Monica McDonald’s Footsteps Childcare Inc.

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Foosteps ChildcareWhen Monica McDonald worked as a psychologist at junior high schools, she realized that many of the students were mentally underdeveloped.

“Why didn’t the parents say anything? Why didn’t the teachers say anything to convince the children to get more assistance?” McDonald says, repeating the questions that still trouble her. 

After pondering what could be done to save future students from similar neglect, McDonald decided to open a daycare facility. She tapped every financial resource available to her to get started, including her pension plan, mutual funds and credit cards. She also refinanced a condo, sold property and used a grant awarded from New York State. In 2003, she purchased a building in Brooklyn, N.Y., and Footsteps Childcare Inc. was ready for business.

McDonald applied for two U.S. Small Business Administration loans through Chase Manhattan Bank and HSBC Bank, but her personal funds ran out before those loans came through. She could have viewed this situation as a setback, she says, especially with renovations to the four-story building still under way. Instead, she turned her private home into a family/group daycare facility for the next three years.

“[That was a time of] sweat equity,” she says.

Today, Footsteps Childcare is still in operation, located in the completely renovated building McDonald had purchased. It has a staff of 18 and all four floors are filled. With the economic downturn of the last two years forcing many daycares out of busine  ss, McDonald counts her blessings despite her own challenges to remain open.

“One aspect of the business totally took a hit,” she acknowledges. “But I still have to keep everything going.”

It takes passion, determination, patience and sacrifice to be successful as an entrepreneur, McDonald insists. This she knows only to well. It cost her $800,000 to start and maintain the daycare and she is currently $500,000 in debt, counting on every dollar to keep the operation afloat.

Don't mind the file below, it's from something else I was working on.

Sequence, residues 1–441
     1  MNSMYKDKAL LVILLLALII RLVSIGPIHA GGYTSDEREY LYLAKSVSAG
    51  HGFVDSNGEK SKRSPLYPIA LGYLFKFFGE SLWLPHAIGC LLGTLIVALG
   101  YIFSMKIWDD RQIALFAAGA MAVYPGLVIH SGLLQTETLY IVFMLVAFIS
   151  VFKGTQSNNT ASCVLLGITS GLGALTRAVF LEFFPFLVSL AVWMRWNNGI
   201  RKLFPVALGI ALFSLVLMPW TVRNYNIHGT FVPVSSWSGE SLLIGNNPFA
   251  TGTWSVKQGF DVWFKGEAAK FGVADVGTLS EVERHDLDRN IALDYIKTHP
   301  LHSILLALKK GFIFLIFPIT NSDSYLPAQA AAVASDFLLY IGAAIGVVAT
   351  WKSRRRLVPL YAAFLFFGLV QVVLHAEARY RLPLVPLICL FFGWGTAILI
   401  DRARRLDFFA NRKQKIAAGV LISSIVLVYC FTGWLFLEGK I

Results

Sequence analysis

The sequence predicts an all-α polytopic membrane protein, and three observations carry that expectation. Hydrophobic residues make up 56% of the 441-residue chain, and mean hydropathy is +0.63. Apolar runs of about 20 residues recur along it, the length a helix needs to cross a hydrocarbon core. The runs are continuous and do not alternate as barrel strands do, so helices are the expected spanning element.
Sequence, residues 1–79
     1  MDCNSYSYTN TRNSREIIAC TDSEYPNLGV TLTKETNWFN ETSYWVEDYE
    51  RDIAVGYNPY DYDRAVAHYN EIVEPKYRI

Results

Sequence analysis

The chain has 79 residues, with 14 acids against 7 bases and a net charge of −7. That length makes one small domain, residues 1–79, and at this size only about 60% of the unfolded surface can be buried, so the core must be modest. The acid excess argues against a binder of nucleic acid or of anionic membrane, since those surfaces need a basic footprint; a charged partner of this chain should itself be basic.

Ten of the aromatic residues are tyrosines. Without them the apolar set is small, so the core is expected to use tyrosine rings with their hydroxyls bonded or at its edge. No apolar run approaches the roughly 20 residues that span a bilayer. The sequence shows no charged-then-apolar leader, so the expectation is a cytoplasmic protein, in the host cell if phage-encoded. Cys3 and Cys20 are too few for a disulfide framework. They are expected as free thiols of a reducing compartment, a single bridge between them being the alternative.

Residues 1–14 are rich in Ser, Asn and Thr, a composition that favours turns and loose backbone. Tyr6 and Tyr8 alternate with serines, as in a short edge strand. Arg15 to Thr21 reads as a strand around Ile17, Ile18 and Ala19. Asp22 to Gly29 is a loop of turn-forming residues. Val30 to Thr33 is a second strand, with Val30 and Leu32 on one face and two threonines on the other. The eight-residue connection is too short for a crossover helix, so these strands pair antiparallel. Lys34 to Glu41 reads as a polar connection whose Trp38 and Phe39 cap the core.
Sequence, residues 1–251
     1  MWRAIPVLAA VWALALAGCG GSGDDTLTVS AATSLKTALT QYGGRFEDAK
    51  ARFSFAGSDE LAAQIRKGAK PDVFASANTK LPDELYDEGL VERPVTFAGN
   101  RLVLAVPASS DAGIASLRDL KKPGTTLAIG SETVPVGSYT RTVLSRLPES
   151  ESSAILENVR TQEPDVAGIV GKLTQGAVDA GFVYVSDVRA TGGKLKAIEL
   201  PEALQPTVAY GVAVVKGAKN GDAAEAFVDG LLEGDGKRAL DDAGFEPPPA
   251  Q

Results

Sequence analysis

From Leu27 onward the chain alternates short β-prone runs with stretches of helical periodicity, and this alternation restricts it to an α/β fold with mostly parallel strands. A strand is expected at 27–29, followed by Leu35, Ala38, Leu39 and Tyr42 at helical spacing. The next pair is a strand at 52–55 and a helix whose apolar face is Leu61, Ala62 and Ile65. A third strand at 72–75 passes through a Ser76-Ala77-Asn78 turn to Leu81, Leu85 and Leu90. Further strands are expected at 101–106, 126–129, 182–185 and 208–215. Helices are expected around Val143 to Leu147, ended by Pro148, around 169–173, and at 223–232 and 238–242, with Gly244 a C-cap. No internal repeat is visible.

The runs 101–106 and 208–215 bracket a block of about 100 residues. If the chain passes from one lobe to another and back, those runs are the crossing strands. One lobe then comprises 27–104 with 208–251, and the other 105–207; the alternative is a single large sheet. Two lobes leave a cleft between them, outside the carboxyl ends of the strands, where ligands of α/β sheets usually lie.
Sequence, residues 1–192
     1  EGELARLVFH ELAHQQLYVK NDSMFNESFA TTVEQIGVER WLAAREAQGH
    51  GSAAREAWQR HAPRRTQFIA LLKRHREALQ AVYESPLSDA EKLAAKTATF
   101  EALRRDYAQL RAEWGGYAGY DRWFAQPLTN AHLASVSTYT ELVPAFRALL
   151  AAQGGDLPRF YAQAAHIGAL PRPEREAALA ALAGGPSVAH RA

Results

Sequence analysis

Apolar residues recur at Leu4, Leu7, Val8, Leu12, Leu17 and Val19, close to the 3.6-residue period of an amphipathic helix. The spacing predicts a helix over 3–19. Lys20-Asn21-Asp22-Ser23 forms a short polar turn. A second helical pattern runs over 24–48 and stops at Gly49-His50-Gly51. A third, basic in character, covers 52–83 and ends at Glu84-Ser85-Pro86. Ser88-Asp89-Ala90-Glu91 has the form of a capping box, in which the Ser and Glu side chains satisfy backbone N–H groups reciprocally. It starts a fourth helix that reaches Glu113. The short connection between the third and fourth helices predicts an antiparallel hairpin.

“You’re praying that you get your money on time,” she says. “If not, you’re in the hole.”

That’s why it is imperative to have a reliable external source of funding, McDonald says.  Hers was the SBA, whose loans were helped her to stay in business. McDonald also stresses the importance of having a solid business plan to present to potential financiers, including the SBA. She spent three years developing her plan on her own before turning to the Brooklyn offices of the nonprofit Business Outreach Center Network to help her complete the financial section of the plan.
 
“[Your business plan] is the heartbeat of who you are and where you’re going,” McDonald insists. “You cannot do anything without a plan.”

Because it takes a team to run a successful business, entrepreneurs must hire reliable, savvy and talented staff, McDonald says. “I don’t really look at resumes. I look at their gifts and talents. I want to know what they are bringing to the table,” she says.

And it’s important to treat your staff well, she adds. “I make sure I pay my staff before I get anything. That’s a total sacrifice.”

Treating her staff well means providing them training and professional development opportunities. Recently, for example, she invited a financial expert from Chase Bank to speak to her staff about financial matters. When a business owner invests in her staff, the rate of return is undeniable, McDonald contends.

McDonald says she is often frustrated with her African-American clientele. “They do not value themselves and sometimes they don’t appreciate what we’re doing,” she says. “They don’t value their children. So, [the challenge] is to educate them to be a valuable consumer and to put a higher value on their children and on what their expectations are for them.”

Still, she is prepared to stay her course, keeping the future of children foremost in her mind. She expects to encounter tough moments, however, she says, when you love what you do – as she does – you overcome those moments every time.

Vital resources
In planning, launching and running Footsteps Daycare, McDonald drew lessons, comfort, advice and support from certain books and Web sites. They are: 
  
Maximize the Moment: God’s Action Plan For Your Life, by T.D. Jakes (Berkley Books);

Rich Dad, Poor Dad: What The Rich Teach Their Kids About Money That The Poor and Middle Class Don’t, by Robert Kiyosaki with Sharon L. Lechter C.P.A (CASHFLOW Technologies Inc.);

Inside the Magic Kingdom: Seven Keys to Disney’s Success, by Tom Connellan (Bard Press);

Who Moved My Cheese: An A-Amazing Way to Deal With Change in Your Work and In Your Life, by Spencer Johnson, M.D. (G.P. Putnam Sons);

The Holy Bible (various versions);

U.S. Small Business Administration: www.sba.gov

SBA Office of Women’s Business Ownership: www.onlinewbc.gov
 
Service Corps of Retired Executives (SCORE): www.score.org

Business Outreach Center: www.bocnet.org

U.S. Census Bureau: www.census.gov